In the case of normal anatomy, the aortic arch (AA) gives rise to three main branches [1]. These are, from left to right, the brachiocephalic trunk (BCT), the left common carotid artery (LCCA) and the left subclavian artery (LSCA). The BCT further gives rise to the right common carotid (RCCA) and subclavian (RSCA) arteries. Each respective subclavian artery then gives rise to a vertebral artery (VA). Owing to the complex embryological development of the aortic arch (Fig. 1) and its branches, deviation from normal anatomy of the branching patterns is common and is usually asymptomatic, not detected until the patient undergoes imaging, surgery or autopsy [2, 3].

Fig. 1
figure 1

Adapted from Jakanani and Adair

Self-drawn diagram outlining the development of the great vessels from the aortic arches. Numbers 1–6 represent the arches. RSCA, right subclavian artery; 7th InterSA, seventh intersegmental artery; RPA, right pulmonary artery; PT, pulmonary trunk; VAo, ventral aorta; CCA, common carotid artery; LPA, left pulmonary artery; ECA, external common artery; AA, aortic arch; DAo, dorsal aorta; ICA, internal carotid artery; VA, vertebral artery; LSCA, left subclavian artery. [5]

In 63.5–89.4% of individuals, the normal branching pattern described is present [4]. However, several variations of the branching pattern of the AA have been documented in the literature. These include the bovine aortic arch (the most common variant) [5] and origin of the left vertebral artery (LVA) from the AA (second most common variation) [4, 6]. In other instances, the RSCA arises as a branch of its own and not from the BCT, giving rise to a fourth branch from the arch [2]. In some individuals, the thyroid gland is supplied by a collateral branch, the thyroid ima artery, which arises directly as a branch from the aortic arch [7].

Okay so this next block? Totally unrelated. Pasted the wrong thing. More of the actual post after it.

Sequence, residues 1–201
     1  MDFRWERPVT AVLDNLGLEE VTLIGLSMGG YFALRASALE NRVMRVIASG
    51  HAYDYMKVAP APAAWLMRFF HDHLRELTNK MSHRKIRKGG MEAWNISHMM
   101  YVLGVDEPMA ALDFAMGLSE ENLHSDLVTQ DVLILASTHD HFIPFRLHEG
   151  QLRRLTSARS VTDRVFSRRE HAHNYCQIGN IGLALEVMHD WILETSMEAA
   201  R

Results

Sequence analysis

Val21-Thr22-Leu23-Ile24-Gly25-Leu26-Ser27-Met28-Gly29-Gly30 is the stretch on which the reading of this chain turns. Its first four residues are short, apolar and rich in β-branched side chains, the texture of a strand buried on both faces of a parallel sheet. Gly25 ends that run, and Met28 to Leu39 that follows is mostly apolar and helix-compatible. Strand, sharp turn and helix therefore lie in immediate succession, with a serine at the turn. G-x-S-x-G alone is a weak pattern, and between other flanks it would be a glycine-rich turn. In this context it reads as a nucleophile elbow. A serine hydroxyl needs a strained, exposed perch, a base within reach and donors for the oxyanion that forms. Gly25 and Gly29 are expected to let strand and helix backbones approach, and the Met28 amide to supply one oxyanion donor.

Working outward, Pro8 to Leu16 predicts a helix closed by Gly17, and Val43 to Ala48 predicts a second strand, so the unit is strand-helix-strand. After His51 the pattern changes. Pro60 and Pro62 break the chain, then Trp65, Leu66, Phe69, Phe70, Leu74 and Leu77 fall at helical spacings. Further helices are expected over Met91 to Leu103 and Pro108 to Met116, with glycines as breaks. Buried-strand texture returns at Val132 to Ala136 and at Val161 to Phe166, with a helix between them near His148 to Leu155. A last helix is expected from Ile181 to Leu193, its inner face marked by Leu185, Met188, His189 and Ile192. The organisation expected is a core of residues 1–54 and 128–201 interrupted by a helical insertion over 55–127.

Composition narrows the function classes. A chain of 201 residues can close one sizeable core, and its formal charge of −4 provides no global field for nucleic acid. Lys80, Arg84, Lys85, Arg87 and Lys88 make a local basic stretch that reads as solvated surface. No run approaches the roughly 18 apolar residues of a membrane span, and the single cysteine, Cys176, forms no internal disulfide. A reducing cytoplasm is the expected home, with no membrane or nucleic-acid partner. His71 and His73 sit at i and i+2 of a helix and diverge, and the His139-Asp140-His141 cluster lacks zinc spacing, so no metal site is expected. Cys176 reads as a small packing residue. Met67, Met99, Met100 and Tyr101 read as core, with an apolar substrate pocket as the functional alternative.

Genetic correlation with anatomical variations

Anatomical variation of the branches of the AA has been linked to various chromosomal abnormalities. Up to 98.4% of paediatric patients with a bovine aortic arch have at least one congenital cardiac defect [8]. The aberrant right subclavian artery has been established as a biomarker for Down syndrome and other cardiac abnormalities, with a reported prevalence as high as 35% among individuals with Down’s syndrome [9].

Anatomical variation of the branching patterns of the aortic arch

Variation involving the brachiocephalic trunk

The most common variation in aortic arch branching is known as the ‘bovine aortic arch’ (BA) [10]. There are two subtypes of this anatomical variant. Type 1 (BAT1), or the common ostium variant, is the most common type (up to 13%) and occurs when the LCCA and BCT originate from the same point [11]. The second (BAT2) (9%) occurs when the LCCA arises as a branch of the BCT itself [11]. The bovine AA has been reported to be present in 10–25% of individuals and comprises over two-thirds of all branching variations of the AA [12, 13].

Variant origin of vertebral arteries